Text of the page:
This Copim and SCONUL-hosted webinar, held 25th January 2024, brought together UK library leaders to share their perspectives on their library’s role in OA book funding and publishing.
The discussion, chaired by Andrew Barker (Lancaster University) began with Phil Brabban (Coventry University) who described the drivers, plans and challenges underpinning their current initiative of setting up an OA university press. He outlined the university library’s wish to provide financially sustainable, non-BPC publication routes, and to support their own researchers, including often-neglected PGRs and ECRs. He also described the challenges they were facing, or had overcome, such as gaining institutional buy-in to fund the press and creating credibility for academic authors who were choosing publication venues. Finally, he explained the nascent press’ hope to invest in open textbooks, as a better long-term investment of library funds than paying textbook subscriptions.
Elaine Sykes (Lancaster University) then outlined Lancaster’s own approach to OA book funding. She explained that careful evaluation had decided the library against setting up its own press. Instead, they had secured institutional funding for a Research Culture and Open Monograph post to increase the library’s OA monograph expertise, advocate for open access to academics, and to create online resources to aid them. She emphasised that new policies and landscape changes, such as OA monographs, are a large administrative and knowledge burden to libraries and that each library’s capability cannot outstrip its available resources.
Peter Barr (University of Sheffield) then spoke about his well-funded research library’s aim to invest in open access not only to benefit their own collections, but to effect wider change. He explained their two-pronged approach: transactional, i.e. directly into institutional outputs, and transformational, in which they also funded the publishing ecosystem beyond their local collection. He also noted the university’s current, direct involvement with OA monograph publishing through White Rose University Press, which they share with the Universities of Leeds and York. Finally, he referenced the new UKRI OA monograph policy, voicing concerns that it may push publishing towards BPC models, and that it may undermine values-based investment in open publishing and infrastructure of the kind the library undertakes.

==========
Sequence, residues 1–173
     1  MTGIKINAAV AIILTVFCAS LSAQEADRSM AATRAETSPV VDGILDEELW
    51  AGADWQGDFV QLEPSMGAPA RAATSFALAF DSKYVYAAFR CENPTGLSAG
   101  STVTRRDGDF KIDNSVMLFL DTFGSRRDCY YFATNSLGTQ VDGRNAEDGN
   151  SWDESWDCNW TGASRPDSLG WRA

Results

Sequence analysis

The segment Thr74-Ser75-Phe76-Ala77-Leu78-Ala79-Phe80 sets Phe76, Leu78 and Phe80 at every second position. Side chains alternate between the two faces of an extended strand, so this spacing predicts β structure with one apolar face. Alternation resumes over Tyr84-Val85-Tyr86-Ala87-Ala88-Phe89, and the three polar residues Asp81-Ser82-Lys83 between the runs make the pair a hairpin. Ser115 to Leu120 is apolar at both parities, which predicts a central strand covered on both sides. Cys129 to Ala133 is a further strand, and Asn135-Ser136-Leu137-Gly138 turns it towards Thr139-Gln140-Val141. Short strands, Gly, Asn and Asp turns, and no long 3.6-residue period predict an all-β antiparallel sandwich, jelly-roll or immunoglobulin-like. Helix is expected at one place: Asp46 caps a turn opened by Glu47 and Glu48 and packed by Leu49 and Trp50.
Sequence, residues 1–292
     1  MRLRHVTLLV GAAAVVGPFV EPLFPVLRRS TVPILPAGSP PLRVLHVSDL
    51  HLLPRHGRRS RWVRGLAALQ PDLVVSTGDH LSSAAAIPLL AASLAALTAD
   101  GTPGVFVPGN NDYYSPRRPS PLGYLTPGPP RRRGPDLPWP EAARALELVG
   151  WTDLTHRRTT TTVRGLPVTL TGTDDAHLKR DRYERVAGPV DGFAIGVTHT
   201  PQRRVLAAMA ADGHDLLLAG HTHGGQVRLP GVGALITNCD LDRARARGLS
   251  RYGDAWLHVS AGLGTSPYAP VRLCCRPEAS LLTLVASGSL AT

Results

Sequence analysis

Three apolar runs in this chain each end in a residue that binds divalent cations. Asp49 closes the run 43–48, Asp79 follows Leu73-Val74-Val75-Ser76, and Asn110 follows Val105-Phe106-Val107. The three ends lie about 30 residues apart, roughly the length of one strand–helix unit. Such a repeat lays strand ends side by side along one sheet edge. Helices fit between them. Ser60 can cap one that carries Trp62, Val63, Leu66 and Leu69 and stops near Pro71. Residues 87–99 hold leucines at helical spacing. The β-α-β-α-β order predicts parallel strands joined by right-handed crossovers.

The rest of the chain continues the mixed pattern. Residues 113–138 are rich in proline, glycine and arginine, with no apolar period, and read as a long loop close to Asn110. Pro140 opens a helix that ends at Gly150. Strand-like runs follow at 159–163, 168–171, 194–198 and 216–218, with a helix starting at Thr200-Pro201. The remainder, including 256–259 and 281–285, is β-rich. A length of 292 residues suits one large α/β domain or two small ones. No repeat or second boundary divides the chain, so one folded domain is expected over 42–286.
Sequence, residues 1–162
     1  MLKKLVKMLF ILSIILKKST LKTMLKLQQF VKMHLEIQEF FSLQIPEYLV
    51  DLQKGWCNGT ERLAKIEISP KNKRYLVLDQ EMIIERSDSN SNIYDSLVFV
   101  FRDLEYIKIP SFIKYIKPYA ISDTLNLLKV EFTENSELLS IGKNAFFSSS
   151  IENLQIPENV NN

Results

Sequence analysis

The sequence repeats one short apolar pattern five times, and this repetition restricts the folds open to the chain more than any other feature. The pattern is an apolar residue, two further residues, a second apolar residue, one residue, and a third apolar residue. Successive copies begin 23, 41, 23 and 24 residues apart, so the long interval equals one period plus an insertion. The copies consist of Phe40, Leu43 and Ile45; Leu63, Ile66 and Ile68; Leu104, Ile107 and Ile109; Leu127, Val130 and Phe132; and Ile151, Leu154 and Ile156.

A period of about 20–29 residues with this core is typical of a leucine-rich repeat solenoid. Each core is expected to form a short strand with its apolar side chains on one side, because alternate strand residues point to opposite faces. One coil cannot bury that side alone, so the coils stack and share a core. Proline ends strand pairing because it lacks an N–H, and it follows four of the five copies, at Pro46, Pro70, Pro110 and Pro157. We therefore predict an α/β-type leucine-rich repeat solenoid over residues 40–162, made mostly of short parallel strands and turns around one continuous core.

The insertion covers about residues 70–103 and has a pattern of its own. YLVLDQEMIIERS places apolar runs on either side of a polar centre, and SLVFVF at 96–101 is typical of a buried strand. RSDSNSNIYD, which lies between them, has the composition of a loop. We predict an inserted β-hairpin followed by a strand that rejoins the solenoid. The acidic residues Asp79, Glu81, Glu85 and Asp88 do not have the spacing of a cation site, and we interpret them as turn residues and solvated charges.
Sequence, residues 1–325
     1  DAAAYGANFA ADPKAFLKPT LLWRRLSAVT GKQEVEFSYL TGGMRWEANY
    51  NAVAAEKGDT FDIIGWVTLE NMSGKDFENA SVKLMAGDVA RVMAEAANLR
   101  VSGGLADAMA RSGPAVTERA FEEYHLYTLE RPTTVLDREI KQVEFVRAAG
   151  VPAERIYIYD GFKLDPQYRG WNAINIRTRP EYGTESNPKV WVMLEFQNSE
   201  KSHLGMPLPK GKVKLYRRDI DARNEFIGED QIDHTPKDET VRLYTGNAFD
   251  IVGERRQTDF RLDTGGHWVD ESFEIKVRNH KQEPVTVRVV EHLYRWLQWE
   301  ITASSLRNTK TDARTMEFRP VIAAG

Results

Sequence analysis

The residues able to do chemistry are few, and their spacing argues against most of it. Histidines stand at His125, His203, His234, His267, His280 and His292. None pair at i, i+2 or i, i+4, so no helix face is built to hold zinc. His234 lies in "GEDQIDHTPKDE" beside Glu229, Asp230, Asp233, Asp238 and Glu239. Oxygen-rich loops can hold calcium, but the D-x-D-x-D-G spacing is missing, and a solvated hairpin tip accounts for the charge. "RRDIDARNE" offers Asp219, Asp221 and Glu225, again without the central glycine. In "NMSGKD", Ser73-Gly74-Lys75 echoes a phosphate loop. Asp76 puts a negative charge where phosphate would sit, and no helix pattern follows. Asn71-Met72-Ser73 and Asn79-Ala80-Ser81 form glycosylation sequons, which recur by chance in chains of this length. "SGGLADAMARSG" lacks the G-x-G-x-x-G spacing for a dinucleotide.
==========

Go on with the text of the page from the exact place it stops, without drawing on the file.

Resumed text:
Finally, Dominic Broadhurst (University of Salford) offered a non-Russell Group, new university perspective to OA monograph culture and funding. He explained that their activities, such as setting up an OA monograph working group, were grounded in an ambition to be active rather than reactive in the fast-changing OA landscape and therefore to provide the best support to their researchers. He also emphasised that the aim of his library was to ‘enable not just acquire’ OA content, for which reason they were focussed on enabling universal access to knowledge, via sustainable and equitable funding models rather than BPCs. As at Sheffield, he emphasised a strong desire in the library to use their budget not just to enrich their own collections, but to work with the wider community and to invest in it via funding OA schemes.
The Q&A and Mentimeter poll, open to attendees, posed the question “What are the OA book challenges (and any opportunities) for your library?” Responses from the audience made it clear that a lack of funding for OA library led publishing was the greatest barrier, followed by a lack of prestige compared to large commercial publishers, and a lack of knowledge of the options available to both libraries and authors. Some typical responses were:
Acknowledging challenges such as securing buy-in from senior leaders.
Overcoming institutional apathy and being overwhelmed by the range of OA programmes for books asking for support.
Clarifying that funding OA would involve reformulating their acquisitions workflow, finding the necessary money within their often-limited budgets.
Explaining the difficulty in supporting diamond OA without evidence of direct benefit to their own institution.
Noting the difficulty in navigating complex financial processes with some funders or publishers
Someone also suggested that some problems to do with scheme overload and knowledge gaps could be filled by Jisc co-ordinating pledging schemes across UK libraries.
There were audience questions about whether the library should seek an active or passive role in directing academic research output, about how libraries could collectivise to leverage their funding and knowledge into more equitable funding models and open infrastructure, and about the librarians’ perspectives on a possible OA mandate for REF 2029.
It came across very strongly in most talks that APCs and transitional agreements have not resulted in an equitable journal publishing landscape. It was also clear there is an appetite to proactively avoid OA monograph funding following a similar pattern, and that BPCs were considered unsustainable, opaque and unequitable. One question framed this provocatively: what if the past decade of library funds spent on APCs and transitional agreements had instead been invested elsewhere – and how might asking that question pre-emptively for OA books guide librarians as they decide where to spend their budgets?
We thank the speakers for their thought-provoking questions, as well as for their generous sharing of insights into how their own libraries are approaching OA monographs and their funding.
For a recording of the event, please click here: https://vimeo.com/906390958